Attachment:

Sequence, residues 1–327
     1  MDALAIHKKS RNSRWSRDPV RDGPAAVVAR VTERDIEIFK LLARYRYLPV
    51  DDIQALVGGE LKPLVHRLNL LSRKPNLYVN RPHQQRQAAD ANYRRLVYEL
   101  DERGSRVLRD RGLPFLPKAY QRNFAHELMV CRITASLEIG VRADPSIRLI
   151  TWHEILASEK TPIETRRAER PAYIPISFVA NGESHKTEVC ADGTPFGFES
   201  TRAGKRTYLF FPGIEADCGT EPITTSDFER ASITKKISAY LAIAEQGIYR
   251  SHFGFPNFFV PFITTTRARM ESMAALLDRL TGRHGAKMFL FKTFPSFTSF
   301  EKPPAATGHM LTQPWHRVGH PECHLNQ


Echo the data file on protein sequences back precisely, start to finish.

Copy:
Sequence, residues 1–327
     1  MDALAIHKKS RNSRWSRDPV RDGPAAVVAR VTERDIEIFK LLARYRYLPV
    51  DDIQALVGGE LKPLVHRLNL LSRKPNLYVN RPHQQRQAAD ANYRRLVYEL
   101  DERGSRVLRD RGLPFLPKAY QRNFAHELMV CRITASLEIG VRADPSIRLI
   151  TWHEILASEK TPIETRRAER PAYIPISFVA NGESHKTEVC ADGTPFGFES
   201  TRAGKRTYLF FPGIEADCGT EPITTSDFER ASITKKISAY LAIAEQGIYR
   251  SHFGFPNFFV PFITTTRARM ESMAALLDRL TGRHGAKMFL FKTFPSFTSF
   301  EKPPAATGHM LTQPWHRVGH PECHLNQ